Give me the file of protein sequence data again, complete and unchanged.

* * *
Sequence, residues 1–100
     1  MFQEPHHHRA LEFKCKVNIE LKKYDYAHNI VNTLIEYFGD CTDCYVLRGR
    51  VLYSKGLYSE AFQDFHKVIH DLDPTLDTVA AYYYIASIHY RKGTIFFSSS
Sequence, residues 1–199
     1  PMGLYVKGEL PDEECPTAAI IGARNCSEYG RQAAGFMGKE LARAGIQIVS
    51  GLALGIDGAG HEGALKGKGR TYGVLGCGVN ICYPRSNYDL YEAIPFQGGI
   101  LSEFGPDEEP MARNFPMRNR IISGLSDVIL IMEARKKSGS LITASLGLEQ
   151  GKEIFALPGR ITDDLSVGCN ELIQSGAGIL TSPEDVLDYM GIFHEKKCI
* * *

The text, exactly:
Sequence, residues 1–100
     1  MFQEPHHHRA LEFKCKVNIE LKKYDYAHNI VNTLIEYFGD CTDCYVLRGR
    51  VLYSKGLYSE AFQDFHKVIH DLDPTLDTVA AYYYIASIHY RKGTIFFSSS
Sequence, residues 1–199
     1  PMGLYVKGEL PDEECPTAAI IGARNCSEYG RQAAGFMGKE LARAGIQIVS
    51  GLALGIDGAG HEGALKGKGR TYGVLGCGVN ICYPRSNYDL YEAIPFQGGI
   101  LSEFGPDEEP MARNFPMRNR IISGLSDVIL IMEARKKSGS LITASLGLEQ
   151  GKEIFALPGR ITDDLSVGCN ELIQSGAGIL TSPEDVLDYM GIFHEKKCI